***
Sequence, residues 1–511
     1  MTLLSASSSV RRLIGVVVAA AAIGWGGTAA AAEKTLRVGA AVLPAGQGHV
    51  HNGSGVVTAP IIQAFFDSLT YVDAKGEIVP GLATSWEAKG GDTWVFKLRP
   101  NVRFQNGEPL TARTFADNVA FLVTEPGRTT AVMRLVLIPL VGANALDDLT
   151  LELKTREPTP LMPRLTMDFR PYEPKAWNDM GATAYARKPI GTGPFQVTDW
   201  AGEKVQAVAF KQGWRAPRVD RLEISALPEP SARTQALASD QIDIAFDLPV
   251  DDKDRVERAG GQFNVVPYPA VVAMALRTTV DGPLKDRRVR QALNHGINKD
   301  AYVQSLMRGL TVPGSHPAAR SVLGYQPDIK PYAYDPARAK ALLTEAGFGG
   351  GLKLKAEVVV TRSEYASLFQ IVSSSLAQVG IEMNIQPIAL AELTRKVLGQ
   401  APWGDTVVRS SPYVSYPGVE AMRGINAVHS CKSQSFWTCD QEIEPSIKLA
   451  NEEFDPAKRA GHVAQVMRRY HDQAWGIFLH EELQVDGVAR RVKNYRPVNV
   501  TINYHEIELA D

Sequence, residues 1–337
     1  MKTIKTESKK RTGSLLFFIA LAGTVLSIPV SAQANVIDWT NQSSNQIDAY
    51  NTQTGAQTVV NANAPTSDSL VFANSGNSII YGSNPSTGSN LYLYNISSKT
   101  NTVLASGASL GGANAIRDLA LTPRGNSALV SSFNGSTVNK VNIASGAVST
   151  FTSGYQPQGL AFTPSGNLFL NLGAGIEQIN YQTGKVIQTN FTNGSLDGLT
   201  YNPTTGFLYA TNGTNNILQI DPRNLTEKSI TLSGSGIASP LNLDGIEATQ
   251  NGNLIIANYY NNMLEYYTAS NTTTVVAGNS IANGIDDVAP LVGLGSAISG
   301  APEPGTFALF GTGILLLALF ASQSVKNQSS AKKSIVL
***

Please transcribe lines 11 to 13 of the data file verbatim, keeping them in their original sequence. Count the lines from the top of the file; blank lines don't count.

   451  NEEFDPAKRA GHVAQVMRRY HDQAWGIFLH EELQVDGVAR RVKNYRPVNV
   501  TINYHEIELA D

Sequence, residues 1–337